Almost-All-Country Tuesday, y’all! And I’ve not properly checked the archives, but this might be the big feller here’s first-ever Jukebox appearance…
Matt Cibula: “No thought, no action, no movement, total stillness: only thus can one manifest the true nature and law of things from within and unconsciously, and at last become one with heaven and earth.” Lao Tzu thinks Tim McGraw, future Democratic Senator from the great state of Tennessee, is simply DREAMY.
Chuck Eddy: Wanna claim that this is the Commodores’ “Still” inside out, but I’d be stretching the truth. Still, Tim’s a really good relaxer — Stillness is his move, or one of them anyway. He also knows the power of subtle wordplay and string schlock.
Anthony Easton: Tim McGraw has a mastery of the studio, of his band, of his message, and story; his voice has grown into a mature growl, and he slides thru all the cliches while suggesting a profoundity of meaning. Beautiful work.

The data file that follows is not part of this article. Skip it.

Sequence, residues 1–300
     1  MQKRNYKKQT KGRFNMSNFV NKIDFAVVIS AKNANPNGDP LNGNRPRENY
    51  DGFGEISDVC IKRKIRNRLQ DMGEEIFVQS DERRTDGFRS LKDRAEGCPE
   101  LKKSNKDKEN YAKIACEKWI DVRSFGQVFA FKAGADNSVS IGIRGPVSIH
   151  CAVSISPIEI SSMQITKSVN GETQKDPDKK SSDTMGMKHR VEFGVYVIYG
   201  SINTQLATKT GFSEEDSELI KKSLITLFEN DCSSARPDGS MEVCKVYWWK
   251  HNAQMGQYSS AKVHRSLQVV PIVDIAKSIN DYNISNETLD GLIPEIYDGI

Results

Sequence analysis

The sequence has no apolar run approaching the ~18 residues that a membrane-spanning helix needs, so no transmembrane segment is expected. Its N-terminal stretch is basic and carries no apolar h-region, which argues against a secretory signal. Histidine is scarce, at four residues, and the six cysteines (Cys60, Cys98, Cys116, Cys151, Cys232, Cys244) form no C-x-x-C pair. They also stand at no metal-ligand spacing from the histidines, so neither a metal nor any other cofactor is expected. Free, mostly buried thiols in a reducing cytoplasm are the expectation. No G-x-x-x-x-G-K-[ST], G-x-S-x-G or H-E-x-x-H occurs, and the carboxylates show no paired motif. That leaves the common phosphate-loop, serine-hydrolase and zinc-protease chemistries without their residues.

Michaelangelo Matos: Christ, I always forget just what a cornball he is. Craggy opening verses, Don Felder guitar, strings not intrusive enough to hate because what else would come in, a zither?
Martin Skidmore: He’s hugely successful, but he doesn’t do much for me, and since watching American Idol regularly I’ve got more and more sick of classy American AOR, even when it’s well made as this is.
Doug Robertson: Ever wondered what Nickelback would sound like if they did a country song? No, of course you haven’t. That would be like wondering what would happen if you woke up with a wooden barrel where your neck should be. This is the answer though, and it’s as uncomfortable an experience as the neck barrel would be.
Alfred Soto: Multiplatinum-encased power ballads remain the genre of choice for American Idols, but McGraw wants to remind you that he can belt’em probably better than any of those poseurs, thanks. As the religiosity on display here flirts with bathos, the unforced sincerity with which Timbo infuses the line “I can close my eyes wherever I am” undercuts it, and this chugs nicely to its preordained epiphany.